1. Review of Phoenix and the Ashes, in dialogue 2:2-3, pp. 54-57
Phoenix and the Ashes: The Bahá'í Faith and the Modern Apocalypse
Author: Geoffrey Nash
Publisher: Oxford: George Ronald, 1984
Review by: John Huddleston
Review published in: dialogue magazine 2:2-3 (1988)
During the last decade there have been growing signs that the Bahá'í community is coming of age. First, it has achieved worldwide recognition as a result of the incredible bravery of the Iranian Bahá'ís who have refused to recant their Faith in the face of brutal persecution. Second, there has emerged a strengthened Bahá'í program to promote the economic and social development of humankind, both through a long-term strategy and through numerous short-term, concrete projects. Third, there is a growing volume of literature addressing the complex relationship of the Bahá'í community to society—books designed to broaden the appreciation of Bahá'ís and to attract the interest of those, especially the educated, outside the Bahá'í community.
One of the most distinguished books of this class is The Phoenix and the Ashes by Geoffrey Nash. This well-written book, which consists of five essays and a postscript, covers four basic themes: the optimism that permeated Western society in the first half of the nineteenth century; the sense of hopelessness that replaced that optimism in the second half of the nineteenth century and the early twentieth century; the immediate prospects for the world; and the promise that the spiritual needs of all mankind will be eventually fulfilled.
Geoffrey Nash examines these themes in the light of history, literature, and politics. The essay format creates some repetition but also provides an unusual depth that comes from the multiplicity of approaches. The author’s low-key tone is likely to attract open-minded non-Bahá'ís. The book also has the high production standards we have come to expect from its publisher: a thought-provoking cover; good, clear print; strong binding; and a reasonable price. The only shortcoming is the absence of an index or detailed table of contents.
The book’s first essay, “The Lost Hope of the Nineteenth Century,” begins with a review of early nineteenth-century romanticism, showing how its essential optimism and spirituality were based on a continuation of tolerance, a love of freedom, and a respect for the individual themes adapted from the Enlightenment movement of the eighteenth century. The essay then describes the more pessimistic view of life that developed among intellectuals, such as Henrik Ibsen, in the latter half of the nineteenth century as religious conviction faltered in the face of a materialistic philosophy and scientific advances. There were attempts to revitalize religion but most of those efforts were backward looking and, therefore, doomed to fail.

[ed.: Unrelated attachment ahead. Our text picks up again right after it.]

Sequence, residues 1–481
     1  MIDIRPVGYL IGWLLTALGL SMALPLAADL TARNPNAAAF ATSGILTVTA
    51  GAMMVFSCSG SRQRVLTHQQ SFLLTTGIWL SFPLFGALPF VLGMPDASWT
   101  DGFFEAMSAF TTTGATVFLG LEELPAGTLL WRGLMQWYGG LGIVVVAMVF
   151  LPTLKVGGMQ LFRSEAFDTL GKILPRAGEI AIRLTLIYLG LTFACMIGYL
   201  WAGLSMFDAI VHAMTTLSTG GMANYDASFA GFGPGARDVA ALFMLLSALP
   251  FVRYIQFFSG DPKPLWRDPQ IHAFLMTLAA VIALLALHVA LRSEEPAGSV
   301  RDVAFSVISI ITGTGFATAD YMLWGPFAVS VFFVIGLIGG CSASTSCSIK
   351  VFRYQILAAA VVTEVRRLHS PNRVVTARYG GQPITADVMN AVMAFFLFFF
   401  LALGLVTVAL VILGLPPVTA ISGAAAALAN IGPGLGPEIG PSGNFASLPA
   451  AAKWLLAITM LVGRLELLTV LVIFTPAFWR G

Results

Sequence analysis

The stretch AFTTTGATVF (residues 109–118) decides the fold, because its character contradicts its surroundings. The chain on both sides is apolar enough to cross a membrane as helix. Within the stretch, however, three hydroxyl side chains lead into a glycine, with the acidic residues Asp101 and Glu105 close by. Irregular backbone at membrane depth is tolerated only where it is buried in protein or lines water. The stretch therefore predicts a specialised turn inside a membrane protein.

The one exception was the Bahá'í Faith, whose remarkably advanced teachings looked to the future. Unfortunately, though some educated Westerners knew about the new Faith, they mistakenly assessed it as little more than a rather dramatic reform movement within Islam. As a result religion continued to decline, and society lost its sense of purpose and cohesion.
The main subject matter of the second essay, “From Vision to Nightmare,” is disillusionment with present-day society as described by five leading writers of our time. This essay is perhaps the most original and stimulating of the five. Three of the writers—George Orwell, Arthur Koestler, and Alexander Solzhenitsyn—discuss the flaws in communism that they found through personal experience. In Animal Farm and other works, George Orwell satirizes the shallowness of modern society, the gullibility of the vast majority, and the terrible hypocrisy of the communist movement as epitomized in the mock slogan, “All animals are equal but some are more equal than others.”
In Darkness at Noon, Arthur Koestler criticizes the revolutionary and seductive principle that the end justifies the means and concludes: “And perhaps reason alone was a defective compass, which led one on such a winding, twisted course that the goal finally disappeared in the mist.” Disillusionment with Communism becomes virtually complete in the detailed description by Alexander Solzhenitsyn of the Russian gulag ,the ultimate nightmare of a dream gone wrong.
The final two writers whose works are analyzed in “From Vision to Nightmare”—Henry Miller and Aldous Huxley—are equally critical of Western capitalist society. Though remembered mostly for the strong language in his “Tropic” novels, Miller’s primary message was indignation at the misery inflicted on the poor by unbridled capitalism and by insensitivity to the cultures of black peoples and the American Indians. He spoke harshly of American society as being like Moloch, devouring humanity in pursuit of all that is useless. He recognized how different were the teachings of the Bahá'í Faith and wrote: “It is for this reason that the Bahá'í movement is destined to outlast all other religious organizations on this continent.”